The challenge Isis poses for Britain’s Muslims
he Islamic State of Iraq and the Levant, or Isis, is a murderous group which believes the west is decadent, democracy is wrong and women are inferior. Why anyone living in the comparative comfort of a British city would join such a medieval movement in Syria or Iraq is hard to fathom. Yet Isis has a growing appeal to young Muslims in Britain, an issue of concern not only for the UK security services but for many Islamic leaders too.
Last Saturday, Talha Asmal, a 17-year-old student from West Yorkshire, detonated a car full of explosives at an Iraqi security facility, becoming Britain’s youngest suicide bomber. On Wednesday, three sisters from Bradford and their nine children crossed into Syria and joined Isis, abandoning their grieving husbands. They are the latest in the growing number of Britons, now about 700, who have joined the jihadis in the Levant.
The flow of recruits is disturbing. These are British citizens, many of whom are contributing to death and mayhem abroad; some will return home and may try to commit terrorist acts on British soil. The intelligence services have had considerable success in the past decade unravelling jihadi plots. But the surge of followers joining Isis poses a serious security threat.
There is no simple explanation for why young people are drawn to the warped ideology of jihad. The notion that they are angered by western foreign policy is inadequate, given that Isis is fighting Muslim militaries. It cannot be blamed on social deprivation since many recruits are from comfortable backgrounds. It is also wrong to blame Muslim theology. While Isis may cast itself as representing a pure Islamism, many Muslim scholars denounce it.
Two issues deserve deeper debate, however. One was raised by David Cameron in a speech on Friday when he rightly said that the extremist ideology of Isis is being “quietly condoned” in parts of the UK’s 2.8m strong Muslim population. This is a complex community and we should avoid sweeping judgments. But parts of it could do more to confront the radicalism in their midst. As Shahid Malik, a Labour MP, said this week: “Every mosque should be — and isn’t — making clear in no uncertain terms what is unacceptable in Islam vis-à-vis [Isis].”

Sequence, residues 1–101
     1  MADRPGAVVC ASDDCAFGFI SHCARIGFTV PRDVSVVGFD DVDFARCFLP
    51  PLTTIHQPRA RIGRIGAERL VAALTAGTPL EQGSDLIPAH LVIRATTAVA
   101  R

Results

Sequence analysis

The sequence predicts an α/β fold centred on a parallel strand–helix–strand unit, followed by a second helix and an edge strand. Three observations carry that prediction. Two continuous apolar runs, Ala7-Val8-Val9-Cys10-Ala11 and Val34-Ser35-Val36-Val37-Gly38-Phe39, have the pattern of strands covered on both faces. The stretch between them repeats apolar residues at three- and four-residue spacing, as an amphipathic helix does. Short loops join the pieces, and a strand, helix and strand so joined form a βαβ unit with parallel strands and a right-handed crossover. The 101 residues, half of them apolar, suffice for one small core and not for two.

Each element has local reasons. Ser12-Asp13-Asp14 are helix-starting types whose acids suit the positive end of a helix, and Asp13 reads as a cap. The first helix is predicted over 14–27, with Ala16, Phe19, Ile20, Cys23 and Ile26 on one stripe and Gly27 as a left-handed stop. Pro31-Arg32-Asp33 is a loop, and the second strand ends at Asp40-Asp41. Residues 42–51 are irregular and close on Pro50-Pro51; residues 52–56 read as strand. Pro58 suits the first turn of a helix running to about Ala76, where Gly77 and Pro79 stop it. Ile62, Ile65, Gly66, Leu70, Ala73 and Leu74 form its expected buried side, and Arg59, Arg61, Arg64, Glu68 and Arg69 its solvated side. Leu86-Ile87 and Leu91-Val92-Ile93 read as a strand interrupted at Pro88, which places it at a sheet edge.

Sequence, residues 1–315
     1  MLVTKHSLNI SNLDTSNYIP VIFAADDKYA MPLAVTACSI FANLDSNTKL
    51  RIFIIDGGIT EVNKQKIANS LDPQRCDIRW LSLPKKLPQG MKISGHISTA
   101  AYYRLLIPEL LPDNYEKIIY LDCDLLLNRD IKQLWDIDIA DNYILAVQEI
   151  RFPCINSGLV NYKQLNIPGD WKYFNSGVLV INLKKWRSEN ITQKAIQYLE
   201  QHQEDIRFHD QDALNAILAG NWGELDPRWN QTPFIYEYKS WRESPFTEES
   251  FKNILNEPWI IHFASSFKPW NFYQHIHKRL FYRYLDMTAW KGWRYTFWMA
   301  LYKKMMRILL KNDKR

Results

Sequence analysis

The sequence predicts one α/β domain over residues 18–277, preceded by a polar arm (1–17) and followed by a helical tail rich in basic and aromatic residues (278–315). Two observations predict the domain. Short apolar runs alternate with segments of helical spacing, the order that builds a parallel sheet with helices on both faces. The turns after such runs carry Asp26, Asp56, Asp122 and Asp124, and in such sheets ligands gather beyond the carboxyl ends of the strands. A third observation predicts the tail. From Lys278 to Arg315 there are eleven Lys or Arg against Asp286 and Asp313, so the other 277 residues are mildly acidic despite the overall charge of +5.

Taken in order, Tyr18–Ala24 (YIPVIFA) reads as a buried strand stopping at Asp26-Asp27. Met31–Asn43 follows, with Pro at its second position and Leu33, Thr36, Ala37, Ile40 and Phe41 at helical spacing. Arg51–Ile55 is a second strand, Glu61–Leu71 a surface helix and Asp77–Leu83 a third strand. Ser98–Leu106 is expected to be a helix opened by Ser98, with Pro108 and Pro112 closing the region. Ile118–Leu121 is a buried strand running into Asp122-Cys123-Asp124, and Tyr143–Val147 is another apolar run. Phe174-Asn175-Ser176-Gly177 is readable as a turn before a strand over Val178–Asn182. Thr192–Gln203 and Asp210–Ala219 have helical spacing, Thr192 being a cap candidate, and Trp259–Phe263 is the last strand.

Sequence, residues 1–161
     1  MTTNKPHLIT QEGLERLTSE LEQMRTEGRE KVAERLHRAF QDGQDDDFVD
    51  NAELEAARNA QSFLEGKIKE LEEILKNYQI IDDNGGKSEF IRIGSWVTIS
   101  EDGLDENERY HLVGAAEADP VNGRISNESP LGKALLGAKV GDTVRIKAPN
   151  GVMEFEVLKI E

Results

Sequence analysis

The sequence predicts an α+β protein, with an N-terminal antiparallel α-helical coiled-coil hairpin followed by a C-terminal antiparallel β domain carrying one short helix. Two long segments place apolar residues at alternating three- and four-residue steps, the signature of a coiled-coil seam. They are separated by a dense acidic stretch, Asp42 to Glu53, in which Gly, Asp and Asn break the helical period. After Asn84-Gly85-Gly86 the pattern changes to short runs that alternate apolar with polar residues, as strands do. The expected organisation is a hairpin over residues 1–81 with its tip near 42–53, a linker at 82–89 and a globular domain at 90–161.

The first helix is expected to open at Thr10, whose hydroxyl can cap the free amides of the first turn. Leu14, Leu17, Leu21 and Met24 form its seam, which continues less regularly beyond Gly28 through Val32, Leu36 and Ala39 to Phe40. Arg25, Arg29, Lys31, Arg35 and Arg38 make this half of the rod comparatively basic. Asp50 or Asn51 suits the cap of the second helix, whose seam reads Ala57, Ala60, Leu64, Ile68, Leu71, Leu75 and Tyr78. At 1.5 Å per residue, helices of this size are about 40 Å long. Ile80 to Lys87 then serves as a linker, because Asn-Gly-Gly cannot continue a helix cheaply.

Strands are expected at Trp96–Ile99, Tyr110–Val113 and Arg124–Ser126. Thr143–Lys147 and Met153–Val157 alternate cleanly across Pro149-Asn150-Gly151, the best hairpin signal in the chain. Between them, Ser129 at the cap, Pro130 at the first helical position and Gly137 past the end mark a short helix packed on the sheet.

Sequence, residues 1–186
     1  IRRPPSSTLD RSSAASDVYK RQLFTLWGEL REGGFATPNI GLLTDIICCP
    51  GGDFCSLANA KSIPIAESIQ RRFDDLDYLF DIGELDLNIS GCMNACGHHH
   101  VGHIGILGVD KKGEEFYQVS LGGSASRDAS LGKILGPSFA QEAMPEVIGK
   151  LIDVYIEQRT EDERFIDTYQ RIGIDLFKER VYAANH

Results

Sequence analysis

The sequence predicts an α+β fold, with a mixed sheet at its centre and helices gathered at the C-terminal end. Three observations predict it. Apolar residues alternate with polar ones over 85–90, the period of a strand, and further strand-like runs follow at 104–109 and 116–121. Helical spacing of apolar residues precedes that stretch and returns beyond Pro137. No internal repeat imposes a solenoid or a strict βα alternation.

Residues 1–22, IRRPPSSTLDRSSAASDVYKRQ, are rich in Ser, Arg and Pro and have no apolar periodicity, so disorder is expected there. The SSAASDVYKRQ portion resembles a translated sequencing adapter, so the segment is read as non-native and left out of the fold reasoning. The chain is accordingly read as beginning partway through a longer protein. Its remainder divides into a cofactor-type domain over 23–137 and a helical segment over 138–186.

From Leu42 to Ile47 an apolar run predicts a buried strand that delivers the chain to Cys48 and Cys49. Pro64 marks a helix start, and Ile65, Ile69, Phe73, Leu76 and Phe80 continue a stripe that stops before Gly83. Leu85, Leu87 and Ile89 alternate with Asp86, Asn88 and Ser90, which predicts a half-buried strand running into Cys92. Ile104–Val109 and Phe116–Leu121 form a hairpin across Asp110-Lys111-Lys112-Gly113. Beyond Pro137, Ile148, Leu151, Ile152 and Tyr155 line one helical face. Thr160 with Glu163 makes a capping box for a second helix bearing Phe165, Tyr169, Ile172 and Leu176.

Much more should also be done to confront the jihadi online preachers who groom recruits. Many of those who travel to Syria and Iraq seem to have been converted over the internet. This week, Lord Carlile, the former terrorism watchdog, called for a “counter-narrative” to be developed on the internet, one that rejects jihad. Internet companies should work with moderate Muslim leaders to achieve this.
The prime minister needs to ensure his own approach is right. He is planning tougher curbs on non-violent extremism, including banning some Islamist preachers from spreading their messages. This risks appearing like a crackdown on free speech and may alienate many Muslims. It would be better to focus on the role of Saudi Arabia. Despite Britain’s close commercial ties with Riyadh, it should put the kingdom on notice that its Wahhabi proselytism — through mosques, schools and textbooks across the world — is a primary stimulus of Islamist extremism and will not be tolerated.
Defeating the jihadi preachers who poison young Muslim minds will be a long and painful task. It requires each section of the community to face its responsibilities. This government has — so far — been wise to avoid passing draconian laws to counter extremism. But parts of Britain’s Muslim community must, in turn, speak up against the dangerous ideology in their midst.